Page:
Health-Care Organizations Increasingly Trusting the Cloud More

Health-care organizations increasingly are seeing the benefits and efficiencies of moving toward outsourcing and trusting the cloud, while data privacy and security remain primary concerns.

Peak 10's Christina KyriaziThat’s according to the key findings of Peak 10’s 2nd National IT Trends in Healthcare study. Peak 10 surveyed another 157 C-level executives and IT professionals across the United States this year.

Christina Kyriazi, Peak 10’s product marketing and analytics manager, tells Channel Partners that three key trends emerged compared to the previous report.

“First, there is a clear transition from in-house infrastructure to cloud adoption – with a nearly 50 percent increase in cloud adoption for IaaS, and about a third (33 percent) increase in cloud adoption for SaaS,” she said. “This is due to a number of reasons, namely, as technology has progressed to provide increased security, health-care organizations have greater confidence in placing their trust in the cloud. Also, health-care IT leaders are starting to see the efficiencies they gain from adopting cloud.”

Second, the changing role of IT leaders or CIOs has become increasingly apparent, Kyriazi said. With the shift to digital, the CIO has a “driving seat in the boardroom,” she said.{ad}

“CIOs are now responsible for lower cost and efficiency, quality of care for better outcomes and patient experience,” she said. “These responsibilities require a more strategic role in IT leadership, which means more reliance on strategic IT partners.”

And third, with all data now electronic, the biggest challenges for IT are security, compliance and data protection, Kyriazi said. Government regulations on security and patient information are placing additional stress on health-care providers, she said.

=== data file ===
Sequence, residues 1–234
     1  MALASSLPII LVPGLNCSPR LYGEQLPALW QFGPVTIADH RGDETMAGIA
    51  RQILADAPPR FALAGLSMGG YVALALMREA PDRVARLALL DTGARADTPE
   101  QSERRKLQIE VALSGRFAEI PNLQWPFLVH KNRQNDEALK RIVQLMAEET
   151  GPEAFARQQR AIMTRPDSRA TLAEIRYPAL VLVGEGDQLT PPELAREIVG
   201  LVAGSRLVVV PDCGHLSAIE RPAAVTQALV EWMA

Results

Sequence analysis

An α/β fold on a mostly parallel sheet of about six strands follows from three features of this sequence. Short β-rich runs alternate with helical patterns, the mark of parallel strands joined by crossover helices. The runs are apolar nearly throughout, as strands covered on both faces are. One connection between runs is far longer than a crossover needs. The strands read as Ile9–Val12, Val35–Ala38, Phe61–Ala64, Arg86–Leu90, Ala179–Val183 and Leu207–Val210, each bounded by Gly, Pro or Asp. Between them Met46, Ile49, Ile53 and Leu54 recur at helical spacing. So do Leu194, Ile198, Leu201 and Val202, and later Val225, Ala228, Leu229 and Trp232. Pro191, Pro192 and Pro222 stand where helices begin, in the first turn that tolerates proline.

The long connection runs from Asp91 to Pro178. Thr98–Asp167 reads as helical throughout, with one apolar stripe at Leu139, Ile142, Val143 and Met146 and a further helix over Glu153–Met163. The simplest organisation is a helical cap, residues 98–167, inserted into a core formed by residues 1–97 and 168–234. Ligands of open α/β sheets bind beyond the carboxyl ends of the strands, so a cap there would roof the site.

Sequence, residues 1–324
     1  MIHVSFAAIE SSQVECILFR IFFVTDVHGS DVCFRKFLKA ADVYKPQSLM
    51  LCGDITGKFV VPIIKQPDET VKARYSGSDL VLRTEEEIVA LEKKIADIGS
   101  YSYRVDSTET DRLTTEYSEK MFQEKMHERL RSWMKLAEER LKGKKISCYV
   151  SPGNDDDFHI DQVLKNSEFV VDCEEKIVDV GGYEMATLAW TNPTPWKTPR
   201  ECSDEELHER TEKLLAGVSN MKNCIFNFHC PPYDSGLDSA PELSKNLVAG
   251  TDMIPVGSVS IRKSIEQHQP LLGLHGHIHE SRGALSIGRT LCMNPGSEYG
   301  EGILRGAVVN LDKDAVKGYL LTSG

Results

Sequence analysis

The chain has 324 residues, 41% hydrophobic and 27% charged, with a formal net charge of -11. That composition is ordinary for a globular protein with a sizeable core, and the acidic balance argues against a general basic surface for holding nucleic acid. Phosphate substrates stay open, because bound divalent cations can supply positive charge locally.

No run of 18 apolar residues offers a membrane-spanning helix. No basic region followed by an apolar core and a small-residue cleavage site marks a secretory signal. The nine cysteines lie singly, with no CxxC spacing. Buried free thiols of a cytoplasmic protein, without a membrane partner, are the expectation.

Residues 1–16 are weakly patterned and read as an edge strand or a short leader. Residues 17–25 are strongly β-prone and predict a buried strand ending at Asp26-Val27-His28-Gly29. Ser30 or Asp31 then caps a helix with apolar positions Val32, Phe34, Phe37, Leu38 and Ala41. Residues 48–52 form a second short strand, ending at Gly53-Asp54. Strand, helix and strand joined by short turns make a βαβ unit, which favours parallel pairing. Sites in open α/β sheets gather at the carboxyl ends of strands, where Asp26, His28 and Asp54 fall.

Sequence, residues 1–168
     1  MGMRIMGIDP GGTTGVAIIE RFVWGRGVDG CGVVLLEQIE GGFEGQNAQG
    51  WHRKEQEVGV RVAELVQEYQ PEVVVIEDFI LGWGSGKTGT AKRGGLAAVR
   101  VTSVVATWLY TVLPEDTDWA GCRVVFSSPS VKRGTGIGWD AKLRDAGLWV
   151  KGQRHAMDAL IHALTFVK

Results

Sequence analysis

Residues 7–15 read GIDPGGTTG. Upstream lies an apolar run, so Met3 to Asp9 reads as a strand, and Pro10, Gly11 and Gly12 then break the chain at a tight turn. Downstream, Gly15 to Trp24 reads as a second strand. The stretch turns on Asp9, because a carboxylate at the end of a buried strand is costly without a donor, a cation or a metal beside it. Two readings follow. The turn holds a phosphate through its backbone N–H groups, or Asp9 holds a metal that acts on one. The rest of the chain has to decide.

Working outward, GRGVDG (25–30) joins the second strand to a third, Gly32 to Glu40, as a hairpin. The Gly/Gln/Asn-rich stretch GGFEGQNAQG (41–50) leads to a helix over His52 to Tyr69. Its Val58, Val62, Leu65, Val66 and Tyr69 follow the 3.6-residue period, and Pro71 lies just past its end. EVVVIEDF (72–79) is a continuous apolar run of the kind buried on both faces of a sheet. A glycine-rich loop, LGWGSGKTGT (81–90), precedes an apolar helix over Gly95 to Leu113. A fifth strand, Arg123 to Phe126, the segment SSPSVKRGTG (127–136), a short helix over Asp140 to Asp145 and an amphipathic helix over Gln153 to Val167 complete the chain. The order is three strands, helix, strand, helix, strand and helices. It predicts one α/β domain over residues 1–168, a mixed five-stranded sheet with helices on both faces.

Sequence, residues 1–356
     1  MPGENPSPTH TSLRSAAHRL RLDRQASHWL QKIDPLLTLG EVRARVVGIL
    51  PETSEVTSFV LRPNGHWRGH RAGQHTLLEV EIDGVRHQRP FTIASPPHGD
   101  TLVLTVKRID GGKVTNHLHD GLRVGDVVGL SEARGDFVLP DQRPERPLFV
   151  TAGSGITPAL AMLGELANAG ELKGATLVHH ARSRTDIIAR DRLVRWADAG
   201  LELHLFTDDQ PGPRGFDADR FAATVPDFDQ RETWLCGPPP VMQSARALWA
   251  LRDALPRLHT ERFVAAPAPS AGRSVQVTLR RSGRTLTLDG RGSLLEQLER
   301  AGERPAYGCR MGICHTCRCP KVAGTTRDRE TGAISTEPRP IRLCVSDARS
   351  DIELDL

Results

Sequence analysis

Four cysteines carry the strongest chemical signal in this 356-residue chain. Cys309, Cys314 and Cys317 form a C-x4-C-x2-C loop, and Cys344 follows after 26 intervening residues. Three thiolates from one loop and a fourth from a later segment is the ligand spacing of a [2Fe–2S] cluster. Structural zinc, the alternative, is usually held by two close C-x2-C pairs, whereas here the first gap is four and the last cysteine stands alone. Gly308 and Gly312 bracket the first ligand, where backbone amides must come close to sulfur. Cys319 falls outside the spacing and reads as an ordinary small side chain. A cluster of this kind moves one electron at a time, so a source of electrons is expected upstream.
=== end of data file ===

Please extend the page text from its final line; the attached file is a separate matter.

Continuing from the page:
“While decision makers say that their budgets are increasing, resources still remain strained due to pressure to remain in compliance and breach-free,” she said.

Health-care organizations are implementing telemedicine portals, and relying more on analytics and big data to accommodate the rapidly growing analyst-based workforce, according to the study.

IT budgets are expected to increase in the next 12 months, according to two-thirds (67 percent) of health-care IT leaders. Also, the main challenges CIOs and IT leaders face are system interoperability issues, meeting security and compliance, and balancing their human capital resources to meet regulatory and business requirements, according to Peak 10.

“Cloud and managed services providers have the opportunity to not only provide infrastructure, but also monitoring and managing security to take away some of the headaches and worries of health-care providers,” Kyriazi said. “Keeping health-care infrastructures safe will always be a challenge. The addition of connected devices, electronic health-care record (EHR) providers and more, adds to the challenge that channel partners face on a daily basis. Staying connected, compliant and transparent with health-care providers will ensure a seamless, efficient patient experience.”

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